Eventually, in June 2020, restrictions were lifted and it seemed like everything was going back to normal (remember that?!). In a matter of days, we booked our ferry and drove to Plymouth, arriving in Roscoff, France 16 hours later for our Big Adventure.
It had been a year since we first started looking for our van. I remember as we drove it over the threshold to the ferry, looking at Rupert and just seeing his huge, excited grin. I was so proud of us.
Adjusting to van life was easy for us but I often wonder if that was the case because we were so relieved and grateful to finally be fulfilling this dream.
As a couple, we loved living together in the small space. I love my own company and Rupert would often go for huge long hikes so we had some time to ourselves, which I think was vital to us not falling out.
Our van isn’t the most basic, but it is close. We have a separator toilet (essentially, two purpose-made buckets under a toilet seat that has one large gap filled with sawdust for your poo and toilet roll, and another for your pee only), no shower and no hot water.
Before Covid, we had planned on using public showers but we decided against that as we travelled. We mostly washed in the van, or occasionally we’d pay for a campsite and have a hot shower there.
I found a new hobby in wild swimming (you haven’t embraced the chill of wild swimming until you’re the only mad person in the Baltic Sea in the middle of a rainy October day!).
We quickly found a good routine of moving on every day or two, creating a rough week-to-week plan of where we wanted to go.
From France, we went to Luxembourg and then on to Germany where we were hit with a wall of 36°C European heat. With no air con or showers in the van we decided to skip through Germany and drive to Poland to escape the heat.
From there, we made our way to Slovakia, where we spent a few days embarking on long hikes and drinking vodka at the top of mountains watching Golden Eagles soar overhead.
Next was Austria where we had our first (and thankfully only) encounter with police, who banged on our windows as we were fast asleep. We were staying overnight in an industrial car park just outside Vienna when they demanded we move on.
We drove almost two hours to another park-up – annoying, but on the plus side, we woke up to the most amazing view of the countryside tumbling down from a huge vineyard.
From Austria, we went to Italy where we roamed the winding empty streets of Venice, ate the most delicious focaccia in Florence and marvelled at Michelangelo’s David, without the hordes of crowds it was accustomed to.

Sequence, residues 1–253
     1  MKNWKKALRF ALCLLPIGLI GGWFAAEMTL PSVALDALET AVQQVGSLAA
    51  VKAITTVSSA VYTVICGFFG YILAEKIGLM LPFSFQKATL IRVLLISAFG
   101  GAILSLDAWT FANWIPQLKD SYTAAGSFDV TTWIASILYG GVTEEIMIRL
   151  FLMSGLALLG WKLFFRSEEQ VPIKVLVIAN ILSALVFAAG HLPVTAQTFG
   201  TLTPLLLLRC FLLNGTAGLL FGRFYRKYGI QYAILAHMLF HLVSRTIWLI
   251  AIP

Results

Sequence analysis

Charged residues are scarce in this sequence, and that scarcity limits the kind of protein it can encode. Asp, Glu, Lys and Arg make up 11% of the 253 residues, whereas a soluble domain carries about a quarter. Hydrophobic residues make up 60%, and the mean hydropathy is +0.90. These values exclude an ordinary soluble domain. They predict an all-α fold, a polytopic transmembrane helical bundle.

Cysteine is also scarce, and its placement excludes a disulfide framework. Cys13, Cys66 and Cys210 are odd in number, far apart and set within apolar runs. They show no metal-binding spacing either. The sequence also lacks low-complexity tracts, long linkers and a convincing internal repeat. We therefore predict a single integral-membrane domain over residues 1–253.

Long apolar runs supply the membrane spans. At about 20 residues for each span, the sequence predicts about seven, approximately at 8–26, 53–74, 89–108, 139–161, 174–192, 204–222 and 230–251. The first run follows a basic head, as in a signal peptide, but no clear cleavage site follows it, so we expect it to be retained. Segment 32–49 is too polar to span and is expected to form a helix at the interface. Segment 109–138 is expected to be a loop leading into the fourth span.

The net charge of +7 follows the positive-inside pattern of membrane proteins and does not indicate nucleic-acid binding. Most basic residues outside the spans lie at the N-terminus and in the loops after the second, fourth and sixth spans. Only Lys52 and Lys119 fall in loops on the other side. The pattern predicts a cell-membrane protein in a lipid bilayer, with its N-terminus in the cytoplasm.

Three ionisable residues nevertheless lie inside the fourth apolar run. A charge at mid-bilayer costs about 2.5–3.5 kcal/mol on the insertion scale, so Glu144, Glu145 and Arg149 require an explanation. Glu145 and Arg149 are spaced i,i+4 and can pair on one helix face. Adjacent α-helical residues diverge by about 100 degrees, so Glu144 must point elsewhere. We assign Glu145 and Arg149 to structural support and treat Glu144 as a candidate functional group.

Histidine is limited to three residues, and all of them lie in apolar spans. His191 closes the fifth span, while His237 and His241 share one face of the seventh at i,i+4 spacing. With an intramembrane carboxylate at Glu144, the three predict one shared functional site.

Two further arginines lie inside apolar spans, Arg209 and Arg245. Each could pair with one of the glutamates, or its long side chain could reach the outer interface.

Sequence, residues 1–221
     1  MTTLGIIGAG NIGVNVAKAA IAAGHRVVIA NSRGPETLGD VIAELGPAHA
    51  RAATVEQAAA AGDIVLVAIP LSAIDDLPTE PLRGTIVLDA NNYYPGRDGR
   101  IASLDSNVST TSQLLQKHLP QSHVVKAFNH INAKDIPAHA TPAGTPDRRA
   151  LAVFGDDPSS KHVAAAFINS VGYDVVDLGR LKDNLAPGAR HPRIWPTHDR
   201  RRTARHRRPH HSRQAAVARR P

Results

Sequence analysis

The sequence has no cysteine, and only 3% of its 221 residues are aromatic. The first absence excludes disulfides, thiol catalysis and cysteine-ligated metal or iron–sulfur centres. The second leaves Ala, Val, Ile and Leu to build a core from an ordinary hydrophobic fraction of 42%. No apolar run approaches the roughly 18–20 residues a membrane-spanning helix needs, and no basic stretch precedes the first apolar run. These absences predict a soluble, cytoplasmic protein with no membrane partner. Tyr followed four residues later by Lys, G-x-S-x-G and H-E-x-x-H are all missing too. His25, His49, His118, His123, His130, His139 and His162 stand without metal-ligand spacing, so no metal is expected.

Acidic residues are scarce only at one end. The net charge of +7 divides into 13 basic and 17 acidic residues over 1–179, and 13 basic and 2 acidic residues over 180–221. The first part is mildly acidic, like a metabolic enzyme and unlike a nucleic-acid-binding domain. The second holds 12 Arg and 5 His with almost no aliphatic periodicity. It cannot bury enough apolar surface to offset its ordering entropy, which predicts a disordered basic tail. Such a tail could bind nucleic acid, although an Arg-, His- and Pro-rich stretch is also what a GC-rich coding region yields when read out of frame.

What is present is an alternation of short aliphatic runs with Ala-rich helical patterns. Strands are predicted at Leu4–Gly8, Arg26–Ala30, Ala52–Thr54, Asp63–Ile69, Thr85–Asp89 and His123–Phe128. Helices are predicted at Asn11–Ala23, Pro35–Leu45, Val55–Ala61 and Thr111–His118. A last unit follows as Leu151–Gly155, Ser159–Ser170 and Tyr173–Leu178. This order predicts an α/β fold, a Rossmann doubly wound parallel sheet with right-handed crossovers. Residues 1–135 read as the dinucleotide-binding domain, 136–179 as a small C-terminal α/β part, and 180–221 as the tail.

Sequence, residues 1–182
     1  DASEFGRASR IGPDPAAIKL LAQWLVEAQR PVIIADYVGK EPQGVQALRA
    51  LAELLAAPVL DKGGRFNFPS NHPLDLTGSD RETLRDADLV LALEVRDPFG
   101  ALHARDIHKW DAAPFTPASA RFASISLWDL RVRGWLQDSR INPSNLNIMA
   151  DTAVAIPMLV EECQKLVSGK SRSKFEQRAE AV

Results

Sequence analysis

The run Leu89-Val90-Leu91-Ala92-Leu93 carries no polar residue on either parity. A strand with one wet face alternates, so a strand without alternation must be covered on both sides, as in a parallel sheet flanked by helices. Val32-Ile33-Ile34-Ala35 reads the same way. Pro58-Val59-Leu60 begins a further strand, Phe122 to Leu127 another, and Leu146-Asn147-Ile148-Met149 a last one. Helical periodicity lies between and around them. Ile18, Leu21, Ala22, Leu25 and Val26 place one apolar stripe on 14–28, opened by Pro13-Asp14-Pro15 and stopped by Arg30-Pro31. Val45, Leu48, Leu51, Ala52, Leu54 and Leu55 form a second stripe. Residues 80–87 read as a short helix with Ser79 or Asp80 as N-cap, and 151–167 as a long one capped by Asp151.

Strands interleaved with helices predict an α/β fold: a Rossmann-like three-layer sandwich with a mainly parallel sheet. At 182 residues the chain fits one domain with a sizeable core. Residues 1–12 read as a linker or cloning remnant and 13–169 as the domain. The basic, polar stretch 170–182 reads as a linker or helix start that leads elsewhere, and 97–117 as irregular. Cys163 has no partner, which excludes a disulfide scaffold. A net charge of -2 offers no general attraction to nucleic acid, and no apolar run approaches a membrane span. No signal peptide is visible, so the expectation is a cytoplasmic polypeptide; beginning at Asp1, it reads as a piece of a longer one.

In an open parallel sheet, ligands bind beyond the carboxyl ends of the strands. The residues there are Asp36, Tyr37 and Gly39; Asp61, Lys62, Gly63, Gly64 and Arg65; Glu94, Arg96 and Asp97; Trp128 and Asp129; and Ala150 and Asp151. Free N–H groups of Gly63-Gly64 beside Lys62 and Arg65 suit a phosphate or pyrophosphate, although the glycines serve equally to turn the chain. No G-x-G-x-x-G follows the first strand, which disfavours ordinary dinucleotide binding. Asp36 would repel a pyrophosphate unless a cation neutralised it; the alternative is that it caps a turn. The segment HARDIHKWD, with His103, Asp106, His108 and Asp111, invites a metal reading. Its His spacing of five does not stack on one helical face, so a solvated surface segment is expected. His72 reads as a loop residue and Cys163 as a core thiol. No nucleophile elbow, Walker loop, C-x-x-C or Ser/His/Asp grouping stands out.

In October 2020, while enjoying Italy, we began to feel Covid closing in on mainland Europe again with reports of border closures and curfews coming in thick and fast from Germany, France and Spain.
We decided that instead of locking down in Italy, we would make a mega marathon drive to Spain and then down into the Valencia region where our family were, so we’d safely be with them in time for Christmas.
What we didn’t realise was that we would be restricted to the Valencia region for two months, meaning that our original plan of heading to Croatia was completely scuppered.
Brexit restrictions mean that British passport holders can only spend 90 out of every 180 days in the Schengen area, which covers the main countries in Europe. We had no choice but to return to the UK in March, as our 90-day clock had started ticking on 1 January 2021.
That ferry crossing back home was a mixture between sadness and also excitement to see our family again, after almost a year.
We spent a few months travelling around when back, heading to Devon and Cornwall and spending a month or so in Wales. But this country isn’t really equipped for campers in the way that mainland Europe is – plus, being in the UK felt too close to reality with friends and family going about their lives and us still living in a van.
It sometimes feels like two worlds that don’t quite meet in the middle.
Rupert has since taken a job as an in-house law counsel and I’ve been working since we returned to the UK, taking on clients and building my business back up again.
It’s hard not to be tempted to take Minnie back over to mainland Europe again, especially when we see friends we met on the road back out there travelling.
But Minnie remains our greatest adventure and I’m thankful we have our little home on wheels.
Since embarking on our van life journey we’ve both learned to slow down, embrace life and appreciate what you have.
I just don’t think we’d ever do another van conversion again!